According to the International Energy Agency (IEA), the slowing in the demand for crude oil worldwide, coupled with more-than-abundant supply, bodes ill for higher prices for oil for at least the next year, if not longer. This is bad news for OPEC countries that need much higher oil prices to stay solvent.
The IEA predicted in its report last week that not only is demand growth slowing by at least one-third, year-over-year, “recent downgrades to the macro-economic outlook are also filtering through.”
A brief look at that “macro-economic outlook” — i.e., the global economy — reveals various red flags warning of a global slowdown that will continue to pressure OPEC.
In its latest World Economic Outlook, the International Monetary Fund (IMF) cut its 2016 estimate for world growth, thanks to continuing economic declines in Canada, Brazil, Venezuela, Russia, and Saudi Arabia.
The Cass Freight Index, which measures the levels of global shipment activity from hundreds of its clients from a broad spectrum of industries, showed a drop of 1.5 percent in September compared to last year, which was the worst September since 2010. The Institute for Supply Management's September PMI (Purchasing Managers’ Index) fell by 6.2 percent, the third month in a row for that index, reflecting a 12-percent decline in new orders.
British banking behemoth HSBC just reported that global GDP (gross domestic product) has fallen 3.4 percent so far this year, while global trade has cratered by 8.4 percent. Exports from China in September were down 3.7 percent compared to a year ago, while imports into China dropped 13.8 percent in August, followed by another 20.4 percent decline in September.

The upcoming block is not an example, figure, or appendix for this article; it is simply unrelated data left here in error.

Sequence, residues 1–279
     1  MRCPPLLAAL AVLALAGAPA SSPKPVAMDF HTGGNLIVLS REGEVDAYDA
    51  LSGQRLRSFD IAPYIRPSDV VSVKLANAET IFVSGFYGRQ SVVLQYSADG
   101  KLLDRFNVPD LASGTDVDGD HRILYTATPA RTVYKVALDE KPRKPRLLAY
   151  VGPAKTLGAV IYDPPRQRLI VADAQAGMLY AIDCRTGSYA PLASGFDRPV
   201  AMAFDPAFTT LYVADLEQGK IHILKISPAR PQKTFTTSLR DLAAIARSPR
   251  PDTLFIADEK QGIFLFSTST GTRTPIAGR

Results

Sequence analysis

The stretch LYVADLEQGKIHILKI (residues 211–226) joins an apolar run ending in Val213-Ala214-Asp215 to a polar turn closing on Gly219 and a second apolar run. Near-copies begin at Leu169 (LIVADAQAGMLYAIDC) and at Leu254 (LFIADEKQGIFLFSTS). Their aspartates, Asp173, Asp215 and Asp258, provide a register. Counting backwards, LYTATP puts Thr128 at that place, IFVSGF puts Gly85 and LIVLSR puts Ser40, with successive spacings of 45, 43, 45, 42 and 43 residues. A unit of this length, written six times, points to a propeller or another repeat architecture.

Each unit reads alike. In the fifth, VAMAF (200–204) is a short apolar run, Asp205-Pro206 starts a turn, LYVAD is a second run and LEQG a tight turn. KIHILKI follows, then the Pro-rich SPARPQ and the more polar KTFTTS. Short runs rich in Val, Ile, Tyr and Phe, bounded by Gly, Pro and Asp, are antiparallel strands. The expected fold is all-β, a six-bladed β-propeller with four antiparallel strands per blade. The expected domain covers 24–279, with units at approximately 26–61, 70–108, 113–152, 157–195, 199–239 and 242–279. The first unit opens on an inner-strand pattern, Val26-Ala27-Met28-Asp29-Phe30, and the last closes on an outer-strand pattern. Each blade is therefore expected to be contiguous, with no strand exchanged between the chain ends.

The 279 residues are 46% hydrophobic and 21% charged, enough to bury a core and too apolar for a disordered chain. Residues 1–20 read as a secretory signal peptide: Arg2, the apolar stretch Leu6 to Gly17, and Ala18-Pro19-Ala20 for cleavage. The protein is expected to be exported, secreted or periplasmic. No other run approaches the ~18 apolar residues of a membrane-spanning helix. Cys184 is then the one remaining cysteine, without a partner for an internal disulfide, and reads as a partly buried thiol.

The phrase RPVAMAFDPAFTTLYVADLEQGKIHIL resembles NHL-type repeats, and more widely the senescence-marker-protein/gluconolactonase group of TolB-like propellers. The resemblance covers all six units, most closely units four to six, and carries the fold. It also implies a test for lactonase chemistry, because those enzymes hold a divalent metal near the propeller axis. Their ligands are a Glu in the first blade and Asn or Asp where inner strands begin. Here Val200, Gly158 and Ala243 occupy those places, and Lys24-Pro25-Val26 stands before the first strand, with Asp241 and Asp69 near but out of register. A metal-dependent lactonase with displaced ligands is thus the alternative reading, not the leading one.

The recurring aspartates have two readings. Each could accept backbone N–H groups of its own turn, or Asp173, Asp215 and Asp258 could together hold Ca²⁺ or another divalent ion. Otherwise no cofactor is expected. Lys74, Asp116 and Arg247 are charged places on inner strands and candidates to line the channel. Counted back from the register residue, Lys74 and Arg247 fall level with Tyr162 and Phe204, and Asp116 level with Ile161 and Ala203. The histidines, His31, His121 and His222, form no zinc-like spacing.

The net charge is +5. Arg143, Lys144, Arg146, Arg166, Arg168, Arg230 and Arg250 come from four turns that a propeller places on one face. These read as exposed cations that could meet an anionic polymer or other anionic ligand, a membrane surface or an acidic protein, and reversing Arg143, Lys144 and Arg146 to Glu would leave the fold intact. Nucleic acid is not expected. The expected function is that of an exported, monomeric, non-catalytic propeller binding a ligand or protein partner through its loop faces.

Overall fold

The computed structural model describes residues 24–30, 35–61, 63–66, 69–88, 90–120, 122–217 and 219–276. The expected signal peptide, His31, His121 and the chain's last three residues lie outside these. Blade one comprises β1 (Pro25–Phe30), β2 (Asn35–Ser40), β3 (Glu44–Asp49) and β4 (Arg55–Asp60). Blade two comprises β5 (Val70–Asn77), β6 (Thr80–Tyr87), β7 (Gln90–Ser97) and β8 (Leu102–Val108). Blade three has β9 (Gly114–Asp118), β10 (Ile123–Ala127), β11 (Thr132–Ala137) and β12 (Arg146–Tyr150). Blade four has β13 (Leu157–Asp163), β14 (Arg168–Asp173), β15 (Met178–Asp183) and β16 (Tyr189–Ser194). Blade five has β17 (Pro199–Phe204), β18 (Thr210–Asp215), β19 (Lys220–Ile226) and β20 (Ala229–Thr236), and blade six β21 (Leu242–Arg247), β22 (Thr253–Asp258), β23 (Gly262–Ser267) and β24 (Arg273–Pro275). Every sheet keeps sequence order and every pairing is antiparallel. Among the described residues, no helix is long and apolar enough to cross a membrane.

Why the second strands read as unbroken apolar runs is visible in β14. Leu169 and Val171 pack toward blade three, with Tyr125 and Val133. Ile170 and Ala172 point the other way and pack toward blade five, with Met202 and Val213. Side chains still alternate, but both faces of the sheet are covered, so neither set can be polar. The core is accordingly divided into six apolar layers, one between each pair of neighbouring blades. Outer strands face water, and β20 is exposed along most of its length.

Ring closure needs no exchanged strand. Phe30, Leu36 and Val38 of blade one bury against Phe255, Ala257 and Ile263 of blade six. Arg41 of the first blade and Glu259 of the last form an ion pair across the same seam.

Leading companies such as McDonald’s and Caterpillar are struggling as well, thanks to the global slowdown. The remarks from McDonald’s new CEO, Steve Easterbrook, to his franchisees at a summit in May reflected much more than just a modest readjustment to a changing environment, but a massive overhaul that some understood to be necessary for the company’s very survival. Said Easterbrook: "Our recent performance has been poor. The numbers don’t lie. I will not shy away from the urgent need to reset this business."
McDonald’s same-store sales have fallen for six straight quarters — that’s 18 months — with its franchisees raising existential questions following that summit. The franchisees’ six-month outlook for the company’s U.S. business was the worst in more than 11 years of surveys.
Caterpillar, the world’s leading manufacturing of construction and mining equipment, diesel engines, gas turbines, and diesel-electric locomotives, saw its profits drop from $1 billion in the third quarter a year ago, to just $368 million in September. That’s a 70-percent drop, resulting in the company cutting sharply and announcing the layoff of thousands of its workers.
With slackening demand and continuing oversupply, the price of crude will remain low for the foreseeable future, putting pressure on OPEC countries such as Saudi Arabia, Algeria, Iran, Kuwait, and Venezuela. For example, Kuwait needs oil priced at $54 a barrel to balance its 2015 budget, while Nigeria needs $122 a barrel. Iran and Algeria need oil to be at $131 a barrel, while Venezuela needs oil at $160 a barrel to balance its 2015 budget.
For Saudi Arabia, its break-even point is $106 a barrel, according to the Belfer Center at Harvard University. Altogether, if oil prices don’t rebound sharply, and soon, the IMF predicts that Saudi Arabia and its fellow Middle Eastern oil exporters will suffer a combined budget shortfall of $1 trillion over the next five years.
It’s a perfect storm that OPEC never envisioned. From its myopic viewpoint, supply should have shriveled, and demand improved, to the point where it would have begun to show a profit long before now. It had hoped that supply from the United States would have started to drop precipitously, that demand from China and elsewhere would have continued to support higher prices, and that its position as leader of the OPEC cartel would be assured.
But just this week Bloomberg reported that Saudi Arabia is delaying payments to government contractors as slumping oil prices have pushed the country into deficit for the first time since 2009.